After leaving FX, Ryan Murphy landed a $300 million contract with Netflix. He kicked off his run with comedy-drama series The Politician. What is notable about that is how he took a usually sensitive subject matter, and made it relatable. We’ll be seeing more of his genius when the streaming giant rolls out Hollywood this month.
As an openly gay filmmaker, Murphy considers himself lucky to be accepted by the American film industry. Support was unfortunately absent for stars like Rock Hudson, Anna May Wong, and Hattie McDaniel. They grappled with sexual, gender or racial discrimination throughout their careers. This sets the premise for the series. What if actors were not judged for their colour or sexual orientations, but solely for their talents? How different would their careers, achievements and lives be? In an alternate reality, Murphy gives his characters – fictional and non-fictional – what they need most: someone who would stand up and fight for them.
Viewers will find familiar faces in the cast. This is because Murphy likes to stick with people he’s worked with before. These include Darren Criss from Glee and American Horror Story, Dylan McDermott from AHS and The Politician, David Corenswet from The Politician, Patti LuPone from AHS and Pose. You’ll probably spot a camaraderie between them. This matters because their real-life chemistry lets them do a much better job in acting.
While Jim Parsons may seem like the standout performer with his eccentricity as Hollywood talent agent Henry Willson, the others don’t fall short. The scene in which veteran actress Holland Taylor as film executive Ellen Kincaid says, “Oh, you’re coloured… I love it!” is certainly one to remember.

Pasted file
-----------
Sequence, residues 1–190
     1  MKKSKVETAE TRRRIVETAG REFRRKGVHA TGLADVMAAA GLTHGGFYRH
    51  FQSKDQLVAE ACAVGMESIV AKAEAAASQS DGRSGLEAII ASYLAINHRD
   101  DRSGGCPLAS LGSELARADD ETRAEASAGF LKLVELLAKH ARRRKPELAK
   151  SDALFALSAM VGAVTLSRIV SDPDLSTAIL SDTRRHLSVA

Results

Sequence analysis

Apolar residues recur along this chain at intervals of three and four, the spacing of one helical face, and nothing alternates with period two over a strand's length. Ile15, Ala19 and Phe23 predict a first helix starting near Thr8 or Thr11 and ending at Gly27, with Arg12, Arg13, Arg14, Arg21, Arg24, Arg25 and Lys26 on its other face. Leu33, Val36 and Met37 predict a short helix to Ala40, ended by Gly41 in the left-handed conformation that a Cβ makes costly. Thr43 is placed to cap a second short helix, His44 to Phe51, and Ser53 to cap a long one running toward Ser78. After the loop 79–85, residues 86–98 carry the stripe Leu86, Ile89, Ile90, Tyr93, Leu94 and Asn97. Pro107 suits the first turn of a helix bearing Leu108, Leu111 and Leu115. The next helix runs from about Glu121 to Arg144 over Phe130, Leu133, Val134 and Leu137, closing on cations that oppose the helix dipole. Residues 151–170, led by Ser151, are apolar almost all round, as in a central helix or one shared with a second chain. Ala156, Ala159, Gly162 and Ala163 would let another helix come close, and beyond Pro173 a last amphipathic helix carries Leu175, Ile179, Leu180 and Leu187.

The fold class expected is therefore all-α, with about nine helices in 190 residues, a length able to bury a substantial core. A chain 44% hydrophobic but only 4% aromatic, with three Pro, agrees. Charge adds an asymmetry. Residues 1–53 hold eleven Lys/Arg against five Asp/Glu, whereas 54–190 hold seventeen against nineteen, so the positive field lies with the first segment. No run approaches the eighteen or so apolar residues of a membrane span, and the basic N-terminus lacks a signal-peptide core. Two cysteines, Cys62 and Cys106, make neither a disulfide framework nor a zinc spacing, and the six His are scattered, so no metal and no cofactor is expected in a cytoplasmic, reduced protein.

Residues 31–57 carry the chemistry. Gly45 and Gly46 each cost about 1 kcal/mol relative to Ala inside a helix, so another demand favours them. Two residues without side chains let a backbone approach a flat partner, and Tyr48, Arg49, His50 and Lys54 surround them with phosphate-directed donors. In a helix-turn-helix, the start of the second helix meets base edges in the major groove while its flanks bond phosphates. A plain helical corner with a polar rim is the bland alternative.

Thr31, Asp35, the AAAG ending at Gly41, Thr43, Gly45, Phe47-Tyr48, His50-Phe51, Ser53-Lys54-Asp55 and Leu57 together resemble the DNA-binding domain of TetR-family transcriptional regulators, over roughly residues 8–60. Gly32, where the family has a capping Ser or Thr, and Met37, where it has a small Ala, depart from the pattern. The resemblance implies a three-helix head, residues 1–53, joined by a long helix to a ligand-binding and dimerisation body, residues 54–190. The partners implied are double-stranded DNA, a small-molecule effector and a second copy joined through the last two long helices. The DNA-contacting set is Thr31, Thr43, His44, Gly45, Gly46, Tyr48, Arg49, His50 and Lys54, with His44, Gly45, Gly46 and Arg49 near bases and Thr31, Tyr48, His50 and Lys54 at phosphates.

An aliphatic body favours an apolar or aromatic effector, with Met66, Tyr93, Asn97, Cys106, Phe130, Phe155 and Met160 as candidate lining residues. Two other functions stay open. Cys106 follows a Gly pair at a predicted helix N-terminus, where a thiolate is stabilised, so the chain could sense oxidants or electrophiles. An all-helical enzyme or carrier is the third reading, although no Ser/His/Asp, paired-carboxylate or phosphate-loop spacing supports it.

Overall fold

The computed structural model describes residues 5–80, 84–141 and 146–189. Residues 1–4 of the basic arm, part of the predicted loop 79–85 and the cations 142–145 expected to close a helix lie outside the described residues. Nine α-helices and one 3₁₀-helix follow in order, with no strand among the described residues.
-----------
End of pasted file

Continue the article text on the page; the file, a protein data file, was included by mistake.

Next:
insights into Hollywood
For Hollywood, Murphy seems to be banking on a formula he used for AHS and Pose. That is, injecting elements of truth throughout the narrative. Putting all sexual transactions concealed within the showbiz aside, Murphy has revealed a number of factoids. Some of these are Peg Entwistle’s suicide; Gone With The Wind actress Vivien Leigh’s bipolar disorder; Anna May Wong’s rigged Hollywood career, and Rock Hudson’s sexual orientation.
You’ll agree that all these open our eyes to the truth behind the so-called Golden Age of Hollywood. Honestly, it does so even more than Quentin Tarantino’s comparably themed drama-comedy film Once Upon A Time In Hollywood, which of course has its own merits.
The story we enjoy most is that about Hudson and Willson. As Hudson’s agent, Willson didn’t hide Hudson’s homosexuality from the public as he did in real-life. Neither was Willson himself under any public and media scrutiny for his own sexual orientation—no exposés, no blackmails.
And so by tweaking pivotal historical events, Murphy has reinvented the Golden Age of Hollywood where no individual is despised or marginalised for their personal choices.